The weather when I arrived was unbelievably cold -25 or something; it was like spending the day in the freezer at home next to the peas from 1993. After my first day skiing my designer stubble was frozen white and I looked bit like one of the guys from those photos of the Scott expedition. Next day I got a Balaclava and end up looking more like an IRA man than an Antarctic explorer, but didnâ€™t need to be thawed out. This week has seen the temp pick up, the blue skies and spectacular scenary have made the place much more like a holiday brochure. As for French, the other objective of the trip which hasnâ€™t received much coverage in the mail, I think Iâ€™m starting to get it back a bit of it back, more updates to follow. Anyway have to sign off now and get some sleep as itâ€™s been snowing today and tomorrow is going to be a brilliant days skiing.
“Wartime Women: A Mass Observation Anthology 1937-45” edited by Dorothy Sheridan [New Year’s Resolution]
I found this mildly interesting. It consists mainly of diaries but also some survey material. I particularly liked the research on married women and work from January 1944.
On the one hand:
“…going out to work is incompatible with the proper care of children. Even before the war one saw the sad result of mothers working the the factory in in a certain manufacturing village near here. The children ran about the streets wild and uncared-for with no home life.”
But on the other:
“I feel that it should always be possible – things should so be arranged that no woman should feel marriage is going to drive her into domesticity. There should be just as many openings for women as men, and just as many openings in domestic work for men as for women.”
Plus Ã§a change..
“Just My Type” by Simon Garfield [New Year’s Resolution]
A surprisingly entertaining guide to the world of typography but in the end, the string of anecdotes becomes a little dull. On the plus side, I spend my time trying to work out fonts now. My relationship with Garamond has fundamentally changed.
“A Visit from the Goon Squad” by Jennifer Egan
This got fantastic reviews. It’s not that good but I did find it mildly entertaining. It’s a series of interlinked stories showing the effect of time on people’s lives. It ends up in the near future which was pointless. It reminded me of a couple of American novels I’ve read recently: “Freedom” and “The Private Lives of Pippa Lee”. Though both of those were more novel and less a series of short stories.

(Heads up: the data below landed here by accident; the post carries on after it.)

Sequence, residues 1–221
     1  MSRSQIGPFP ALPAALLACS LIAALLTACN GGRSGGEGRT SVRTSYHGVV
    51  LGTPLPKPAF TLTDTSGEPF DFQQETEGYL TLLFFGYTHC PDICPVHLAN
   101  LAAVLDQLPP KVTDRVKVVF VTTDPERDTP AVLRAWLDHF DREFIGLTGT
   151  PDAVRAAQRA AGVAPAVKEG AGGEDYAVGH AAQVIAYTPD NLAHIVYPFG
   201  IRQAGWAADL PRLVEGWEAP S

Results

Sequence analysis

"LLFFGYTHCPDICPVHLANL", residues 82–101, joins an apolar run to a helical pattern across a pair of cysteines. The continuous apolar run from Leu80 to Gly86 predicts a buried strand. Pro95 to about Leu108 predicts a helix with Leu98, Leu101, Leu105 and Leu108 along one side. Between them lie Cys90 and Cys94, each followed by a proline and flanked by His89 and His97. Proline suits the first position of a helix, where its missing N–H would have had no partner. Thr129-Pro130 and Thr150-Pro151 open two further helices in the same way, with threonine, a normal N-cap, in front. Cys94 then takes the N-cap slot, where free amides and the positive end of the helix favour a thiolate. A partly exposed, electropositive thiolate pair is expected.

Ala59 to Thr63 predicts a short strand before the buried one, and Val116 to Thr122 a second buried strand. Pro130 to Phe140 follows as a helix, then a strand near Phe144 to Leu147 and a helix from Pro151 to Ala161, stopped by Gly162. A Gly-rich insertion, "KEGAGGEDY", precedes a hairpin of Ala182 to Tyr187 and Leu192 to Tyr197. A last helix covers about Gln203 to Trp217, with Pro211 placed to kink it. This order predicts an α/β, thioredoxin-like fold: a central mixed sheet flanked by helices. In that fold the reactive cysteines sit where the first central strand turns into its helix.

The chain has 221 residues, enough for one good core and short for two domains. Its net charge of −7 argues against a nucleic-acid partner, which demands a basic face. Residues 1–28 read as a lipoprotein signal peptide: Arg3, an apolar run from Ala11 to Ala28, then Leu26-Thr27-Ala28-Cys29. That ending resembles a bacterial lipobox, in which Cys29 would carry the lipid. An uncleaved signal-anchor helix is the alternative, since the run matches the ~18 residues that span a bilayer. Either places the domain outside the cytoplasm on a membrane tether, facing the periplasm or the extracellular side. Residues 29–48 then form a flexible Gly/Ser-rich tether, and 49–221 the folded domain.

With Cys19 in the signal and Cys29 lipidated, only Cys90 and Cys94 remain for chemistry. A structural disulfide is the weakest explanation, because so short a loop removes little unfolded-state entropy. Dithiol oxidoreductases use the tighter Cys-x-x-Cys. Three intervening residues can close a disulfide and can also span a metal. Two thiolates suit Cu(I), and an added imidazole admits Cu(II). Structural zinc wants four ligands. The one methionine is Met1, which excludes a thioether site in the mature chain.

“Great Apes” by Will Self [New Year’s Resolution]
I read this book while I was ill which made its faintly hallucinogenic quality all the more disturbing. It’s the story of a man who wakes up one day and finds that the world is populated by chimps rather than humans but at a macro level, it’s all the same. So we have London’s infrastructure largely identical and famous people now famous chimps and so on. It might have worked over 200 pages but, in my view it is unsustainable over 400. In fact, I think that the author got tired of it himself and the book ends quite abruptly. Don’t know that I’d read one of his again. A bit too smart for his readers’ good.
I took the children to my parents’ house at the weekend. Mr. Waffle’s parents’ house is always a bit on the cold side for me and my parents’ house is always much too warm for him. This means that at home, I wear my fleece of an evening – mmm synthetics – and Mr. Waffle wanders round in t-shirts and shorts.
The children take after him. Herself couldn’t sleep with the heat in Cork and even I was quite warm. I took off my fleece. Ah, my Cork family observed, you have become a Waffle. Still, my mother, who feels the cold terribly couldn’t really believe that any human being could really be so warm. As herself lay sweating under a single sheet, my mother asked me anxiously, “Do you think that she’d like a hot water bottle?”